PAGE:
Hickory dickory dock my daddy’s nuts from shell shock. Humpty dumpty thought he was wise till gas came along and burned out his eyes. A dillar a dollar a ten o’clock scholar blow off his legs and then watch him holler. Rockabye baby in the tree top don’t stop a bomb or you’ll probably flop. Now I lay me down to sleep my bombproof cellars good and deep but if I’m killed before I wake remember god it’s for your sake amen. War has been stated to be started by the rich and fought by the poor. The lower class are left with the burden to fight for their country without a guarantee of return, while the rich are giving commands and hoping the war is fought without actually putting any manpower. War Is also seen to provide a source of patriotism and togetherness as the entire nation gather to fight the war, nationalism is increased because the love for the country increases. “Put the guns into our hands and we will use them. Give us the slogans and we will turn them into reality. Sing the battle hymns and we will take them up where you left off,’ soldiers are the ones left to fight as others are providing the necessary tools of destruction. Soldiers were then nicknamed ‘G.I. Joes’ for their hard work, dolls and merchandise became a brand that many knew too well. The national anthem is sung wherever they go to remind them of the nation they belong to. All these components are products of war; it’s a feeling of submission for the soldiers to have to be forced to actively do something they do not want to do, but have to for the sake of their own well being. ‘Not one not ten not ten thousand not a million not ten millions not a hundred millions but a billion two billions of us all the people of the world we will have the slogans and we will have the hymns and we will have the guns and we will use them and we will live. Make no mistake of it we will live. We will be alive and we will walk and talk and eat and sing and laugh and feel and love and bear our children in tranquility and security in decency in peace. You plan the wars you masters of men plans the wars and point the way and we will point the gun.” The men stuck to fight this war are set up entirely, all they have to do is pull the trigger. They go through the motions as others give the orders to fight the war. It is a fallacy what war is made out to be, but lives are given at the cost of the wealthy.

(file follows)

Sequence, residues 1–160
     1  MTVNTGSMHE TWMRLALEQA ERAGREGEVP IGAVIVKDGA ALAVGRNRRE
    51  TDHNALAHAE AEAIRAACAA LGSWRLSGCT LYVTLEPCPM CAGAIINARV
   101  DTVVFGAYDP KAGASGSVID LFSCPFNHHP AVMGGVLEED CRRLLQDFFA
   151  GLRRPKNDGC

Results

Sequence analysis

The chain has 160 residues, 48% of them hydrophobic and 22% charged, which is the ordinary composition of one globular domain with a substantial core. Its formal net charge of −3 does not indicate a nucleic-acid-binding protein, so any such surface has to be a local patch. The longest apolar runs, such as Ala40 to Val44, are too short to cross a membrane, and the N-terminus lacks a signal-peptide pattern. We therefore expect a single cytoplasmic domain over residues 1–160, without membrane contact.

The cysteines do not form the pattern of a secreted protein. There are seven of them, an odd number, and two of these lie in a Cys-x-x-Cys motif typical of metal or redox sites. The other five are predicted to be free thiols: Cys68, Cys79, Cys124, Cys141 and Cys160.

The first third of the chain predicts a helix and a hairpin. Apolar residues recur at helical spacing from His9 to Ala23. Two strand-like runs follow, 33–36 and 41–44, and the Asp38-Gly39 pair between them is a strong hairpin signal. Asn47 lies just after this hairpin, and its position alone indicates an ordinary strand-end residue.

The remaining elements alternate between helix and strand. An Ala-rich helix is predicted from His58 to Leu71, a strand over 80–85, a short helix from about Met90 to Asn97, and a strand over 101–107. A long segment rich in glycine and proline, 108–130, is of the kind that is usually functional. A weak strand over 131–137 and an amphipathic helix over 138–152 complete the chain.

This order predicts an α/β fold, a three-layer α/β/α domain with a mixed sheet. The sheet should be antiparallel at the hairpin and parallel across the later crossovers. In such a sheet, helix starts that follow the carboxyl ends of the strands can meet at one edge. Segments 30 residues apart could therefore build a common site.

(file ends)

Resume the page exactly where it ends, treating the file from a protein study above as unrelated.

PTSD went undiagnosed as people did not realize the disorder was the result of a gruesome war. Young men, barely reaching adulthood, were forced to see horrific scenes that a young mind could not handle to see. 18 year old boys were seen as men, who had no choice but to see their close friends die in battle, who had no choice but to see decaying corpses, or who had no choice but to see how deadly a weapon can revolutionize to. In Johnny Got a Gun, Dalton Trumbo wrote,’Hickory dickory dock my daddy’s nuts from shell shock. Humpty dumpty thought he was wise till gas came along and burned out his eyes. A dillar a dollar a ten o’clock scholar blow off his legs and then watch him holler. Rockabye baby in the treetop don’t stop a bomb or you’ll probably flop. Now I lay me down to sleep my bombproof cellars good and deep but if I’m killed before I wake remember god it’s for your sake amen.’ The shell shock experienced by the vivid memories our G.I. Joes are stuck reliving as they see gas become the worst weapon, fellow friends are being amputated in a less than a second as explosions take their limbs, or being kept awake from the constant thought of an unknown threat coming its way through the night. Paranoia became a constant feeling as young boys are visibly losing their sense of life.

In all, war is left to be fought by the least fortunate. The result of war is damage in families, the structure of a country, and the government; even though victory, the country still lost. Victory cannot be an excuse for the lives sacrificed for the “greater good.” In Johnny Got His Gone, it is seen regret is a constant feeling felt by the character throughout the entirety of the novel. Through pathos, the author allows for the audience to change their outlook on the destruction of battle.